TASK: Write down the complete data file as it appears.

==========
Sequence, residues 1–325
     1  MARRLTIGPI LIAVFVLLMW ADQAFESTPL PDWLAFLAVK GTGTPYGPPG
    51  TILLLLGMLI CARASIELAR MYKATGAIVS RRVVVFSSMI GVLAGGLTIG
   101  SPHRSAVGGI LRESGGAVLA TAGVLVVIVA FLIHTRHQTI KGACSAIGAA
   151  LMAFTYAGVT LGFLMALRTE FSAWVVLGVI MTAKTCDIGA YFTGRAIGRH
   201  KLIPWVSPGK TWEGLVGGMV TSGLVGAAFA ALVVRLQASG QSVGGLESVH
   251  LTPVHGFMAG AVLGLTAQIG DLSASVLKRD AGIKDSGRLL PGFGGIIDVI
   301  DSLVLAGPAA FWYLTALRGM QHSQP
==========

Sequence, residues 1–325
     1  MARRLTIGPI LIAVFVLLMW ADQAFESTPL PDWLAFLAVK GTGTPYGPPG
    51  TILLLLGMLI CARASIELAR MYKATGAIVS RRVVVFSSMI GVLAGGLTIG
   101  SPHRSAVGGI LRESGGAVLA TAGVLVVIVA FLIHTRHQTI KGACSAIGAA
   151  LMAFTYAGVT LGFLMALRTE FSAWVVLGVI MTAKTCDIGA YFTGRAIGRH
   201  KLIPWVSPGK TWEGLVGGMV TSGLVGAAFA ALVVRLQASG QSVGGLESVH
   251  LTPVHGFMAG AVLGLTAQIG DLSASVLKRD AGIKDSGRLL PGFGGIIDVI
   301  DSLVLAGPAA FWYLTALRGM QHSQP